The days around Halloween can be among the most myth-indulgent of the year, given the many media reminders about The War of the Worlds radio dramatization that aired 77 years ago tonight.
The hour-long show, which aired on CBS radio and starred 23-year-old Orson Welles, was so vivid in telling of the invasion of Earth by Martians wielding deadly heat rays that tens of thousands of Americans supposedly were convulsed in panic and mass hysteria.
Or as the Indianapolis Star put it the other day, “Pandemonium swept the nation that evening” in 1938.
Or as the Louisville Courier-Journal said about the program, “unsuspecting listeners reacted in horror while listening to descriptions of a devastating landing of ‘ferocious Martian invaders.'”
That the program set off widespread panic and mass hysteria also is a hoary media myth, a myth that offers deceptive messages about the influence radio wielded over listeners decades ago and about the media’s capacity to sow terror and alarm. There is scant evidence that The War of the Worlds had such effects: Whatever fright there was that night 77 years ago did not reach nationwide proportions.
As I discuss in my media-mythbusting book, Getting It Wrong, had panic spread across America during The War of the Worlds broadcast, the resulting trauma and turmoil surely would have resulted in deaths, including suicides, and in serious injuries.
But nothing of the sort — no deaths, no suicides, no serious injuries — were conclusively linked to the show.
Moreover, newspapers in 1938 would have devoted extensive coverage to the consequences of the extraordinary phenomenon of nationwide panic and mass hysteria — had it occurred. But after an initial burst of misleading and highly exaggerated reporting about the show’s supposed panic-inducing effects, large-city U.S. newspapers quickly dropped The War of the Worlds story.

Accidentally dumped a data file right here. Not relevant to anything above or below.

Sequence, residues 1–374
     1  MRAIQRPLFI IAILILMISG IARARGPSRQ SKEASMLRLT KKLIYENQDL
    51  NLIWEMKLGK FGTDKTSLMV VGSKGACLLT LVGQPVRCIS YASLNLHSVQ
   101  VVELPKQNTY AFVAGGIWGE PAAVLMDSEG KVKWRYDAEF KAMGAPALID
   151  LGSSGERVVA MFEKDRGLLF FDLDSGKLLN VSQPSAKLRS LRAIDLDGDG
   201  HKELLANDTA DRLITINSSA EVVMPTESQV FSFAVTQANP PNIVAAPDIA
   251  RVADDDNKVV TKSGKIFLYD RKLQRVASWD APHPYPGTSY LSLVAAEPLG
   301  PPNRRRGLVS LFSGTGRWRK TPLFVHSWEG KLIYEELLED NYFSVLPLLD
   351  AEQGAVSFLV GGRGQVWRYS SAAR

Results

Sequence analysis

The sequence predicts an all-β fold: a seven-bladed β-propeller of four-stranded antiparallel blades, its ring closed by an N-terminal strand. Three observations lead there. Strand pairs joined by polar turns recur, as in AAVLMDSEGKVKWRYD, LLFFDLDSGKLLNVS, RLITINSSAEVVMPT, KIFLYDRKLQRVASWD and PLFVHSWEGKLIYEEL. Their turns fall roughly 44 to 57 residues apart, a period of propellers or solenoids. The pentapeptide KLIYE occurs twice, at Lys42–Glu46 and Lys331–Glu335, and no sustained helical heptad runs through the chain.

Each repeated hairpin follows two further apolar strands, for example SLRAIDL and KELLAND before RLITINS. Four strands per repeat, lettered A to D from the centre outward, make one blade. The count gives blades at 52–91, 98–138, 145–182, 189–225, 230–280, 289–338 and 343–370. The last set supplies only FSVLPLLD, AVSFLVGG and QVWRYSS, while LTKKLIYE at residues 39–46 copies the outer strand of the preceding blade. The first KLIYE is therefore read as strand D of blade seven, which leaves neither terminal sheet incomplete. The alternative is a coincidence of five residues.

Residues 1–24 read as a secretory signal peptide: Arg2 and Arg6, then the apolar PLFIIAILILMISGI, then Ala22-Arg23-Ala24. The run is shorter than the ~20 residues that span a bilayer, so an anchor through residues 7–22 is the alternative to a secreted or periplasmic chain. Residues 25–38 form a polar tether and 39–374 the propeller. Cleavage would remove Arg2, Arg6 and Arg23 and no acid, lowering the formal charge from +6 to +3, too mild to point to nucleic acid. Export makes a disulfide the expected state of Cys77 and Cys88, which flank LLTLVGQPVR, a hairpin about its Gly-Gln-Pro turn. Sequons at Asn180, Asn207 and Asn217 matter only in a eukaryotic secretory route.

What, then, accounts for the enduring fascination with a long ago radio show, the effects of which have been routinely hyped and overblown?
It is, for starters, famous, or infamous, for what it suggests about the presumptive dark power of mass media.
It is, moreover, a deliciously clever story, one well-suited for retelling at Halloween.
The “panic broadcast” also lives on because it allows contemporary media consumers to indulge, if quietly and privately, in a bit of smugness — that we would never be so gullible as to believe such a media hoax; we are too media-savvy. But back then, in the 1930s when radio was still new, they weren’t so sophisticated: They were more naïve, more easily duped by exaggerated media messages.
This is known as the third-person effect, the belief that others are more credulous, or more susceptible to media influences, than we are.
Such smugness has helped keep alive the tired Halloween cliché of The War of the Worlds.
More from Media Myth Alert:
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- ‘War of the Worlds’ radio panic was overstated
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